Anxiety

Managing Anxiety During COVID-19

Benzodiazepines are not the answer.

Posted Nov 08, 2020

This post is the first in a series on the management of anxiety during the COVID-19 pandemic.

Millions of people have been relying on benzodiazepines such as alprazolam (Xanax™), clonazepam (Klonopin™), lorazepam (Ativan™) and other prescription drugs to manage symptoms of stress and anxiety. While some medications are safe and effective treatments of anxiety, they have limited overall efficacy and potentially serious safety concerns. In this post, I briefly review the complex mental health impacts of the COVID-19 pandemic, talk about the limitations of conventional treatments of anxiety and growing public health concerns over increased uses of benzodiazepines during the pandemic, and comment on the medical and psychiatric risks of benzodiazepine use among individuals infected with SARS-CoV2.

In future posts, I will review the evidence supporting non-pharmacologic approaches for anxiety including dietary change, exercise, relaxation and mindfulness, select natural products, as well as biofeedback and virtual reality graded exposure therapy (VRGET).

A multiplicity of mental health impacts

The COVID-19 pandemic has had enormous impacts on the daily lives of tens of millions of individuals globally. Widely shared concerns about becoming infected with the virus affect our day-to-day choices, including how we work, how often we leave our homes, where we shop for essential needs, how we socialize and how we think about the future. The psychological and financial stresses associated with the pandemic have resulted in high rates of anxiety, depressed mood, substance abuse, and—for survivors of pandemic-related illness—high rates of post-traumatic stress disorder (PTSD) and severe depressed mood. Mental health researchers are developing diagnostic tools to help clinicians better understand and more accurately evaluate the range and severity of mental health problems associated with the pandemic. 

Limitations of conventional treatments of anxiety

Research findings support the idea that most currently available conventional treatments for anxiety are sometimes beneficial but have limited efficacy overall. The majority of individuals who use benzodiazepines to manage generalized anxiety initially respond well but continue to experience anxiety problems over the long-term. The severity and frequency of panic attacks lessen in response to benzodiazepines, however many individuals who use such drugs on an on-going basis are at significant risk of benzodiazepine tolerance, dependence and withdrawal. In this context over-prescribing and inappropriate prescribing of benzodiazepines (and other controlled substances) is a growing public health concern. A large cross-sectional study found that the rate for benzodiazepine prescribing doubled from 2003 to 2015 due largely to large numbers of prescriptions by family doctors and surgeons. This trend has accelerated since the start of the COVID-19 pandemic.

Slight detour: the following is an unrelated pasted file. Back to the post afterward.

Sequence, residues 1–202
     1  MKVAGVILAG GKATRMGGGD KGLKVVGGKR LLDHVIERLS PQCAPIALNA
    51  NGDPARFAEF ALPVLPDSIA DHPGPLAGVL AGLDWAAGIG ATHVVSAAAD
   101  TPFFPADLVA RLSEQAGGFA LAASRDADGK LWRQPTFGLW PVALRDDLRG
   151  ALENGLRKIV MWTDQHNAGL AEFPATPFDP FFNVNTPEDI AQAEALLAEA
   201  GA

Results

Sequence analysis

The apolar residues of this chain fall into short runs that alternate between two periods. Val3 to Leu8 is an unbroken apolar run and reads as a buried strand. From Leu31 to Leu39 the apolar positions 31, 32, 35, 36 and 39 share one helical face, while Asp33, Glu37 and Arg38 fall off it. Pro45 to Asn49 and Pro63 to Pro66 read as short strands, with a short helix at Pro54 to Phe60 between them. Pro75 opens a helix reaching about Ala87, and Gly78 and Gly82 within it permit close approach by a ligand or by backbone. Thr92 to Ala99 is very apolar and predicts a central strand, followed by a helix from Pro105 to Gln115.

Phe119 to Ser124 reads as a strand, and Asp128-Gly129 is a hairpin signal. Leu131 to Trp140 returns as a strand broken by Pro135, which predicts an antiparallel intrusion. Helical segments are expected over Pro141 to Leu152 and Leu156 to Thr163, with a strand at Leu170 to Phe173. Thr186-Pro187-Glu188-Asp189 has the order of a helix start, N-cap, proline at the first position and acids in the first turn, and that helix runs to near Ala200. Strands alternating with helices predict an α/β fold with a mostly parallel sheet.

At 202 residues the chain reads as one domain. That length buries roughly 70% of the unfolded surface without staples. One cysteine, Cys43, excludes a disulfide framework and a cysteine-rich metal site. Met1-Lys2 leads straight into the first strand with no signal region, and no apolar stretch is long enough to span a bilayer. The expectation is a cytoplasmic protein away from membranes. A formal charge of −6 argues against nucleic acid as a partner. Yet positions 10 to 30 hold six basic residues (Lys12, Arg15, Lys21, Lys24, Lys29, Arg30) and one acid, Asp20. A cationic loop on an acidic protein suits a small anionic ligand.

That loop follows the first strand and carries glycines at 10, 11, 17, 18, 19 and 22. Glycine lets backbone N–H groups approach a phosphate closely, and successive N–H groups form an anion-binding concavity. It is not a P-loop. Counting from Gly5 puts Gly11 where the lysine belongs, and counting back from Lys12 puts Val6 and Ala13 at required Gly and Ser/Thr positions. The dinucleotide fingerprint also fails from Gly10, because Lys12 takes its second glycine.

The risks of benzodiazepine use—worse during the pandemic

There are growing public health concerns that widespread anxiety associated with the pandemic has resulted in rapid growth in the illicit market for so-called "novel psychoactive substances," non-prescription (i.e., unscheduled) benzodiazepines and other narcotics that are widely available on street corners in many cities and via the internet. This trend is resulting in increased rates of addiction and potentially serious medical and psychiatric consequences that are now worse in the context of the pandemic. 

There are even greater risks associated with benzodiazepine use in individuals afflicted with COVID-19. The National Health Service (NHS) of the U.K. published a short article outlining the risks of benzodiazepine use in individuals with COVID-19-related illness. For example, benzodiazepines worsen respiratory drive in individuals whose breathing has already been compromised by infection with the virus. Benzodiazepine use in individuals with pre-existing respiratory illnesses such as asthma and chronic obstructive pulmonary disease (COPD) may lead to severe respiratory compromise. Further, long-term benzodiazepine use is known to increase susceptibility to becoming infected with and succumbing to pneumonia.

Finally, a significant percentage of individuals who are hospitalized for management of acute illness related to COVID-19 experience delirium and other severe neurologic symptoms. Use of benzodiazepines in acutely ill or recovering individuals may exacerbate symptoms of delirium and increase fall risk and should be judiciously prescribed or (preferably) avoided. 

Bottom line

The direct and indirect consequences of the COVID-19 pandemic have resulted in high rates of anxiety, depressed mood, substance abuse and PTSD. Conventional treatments of pandemic-related stress and anxiety have limited efficacy and unresolved safety problems. Benzodiazepine prescribing and the illicit market for benzodiazepines have increased significantly since the start of the pandemic in spring 2020. Use of benzodiazepines in individuals with pre-existing medical conditions places them at risk of infection, and in individuals with COVID-19 related illnesses, exacerbates the risk of potentially serious medical and psychiatric consequences.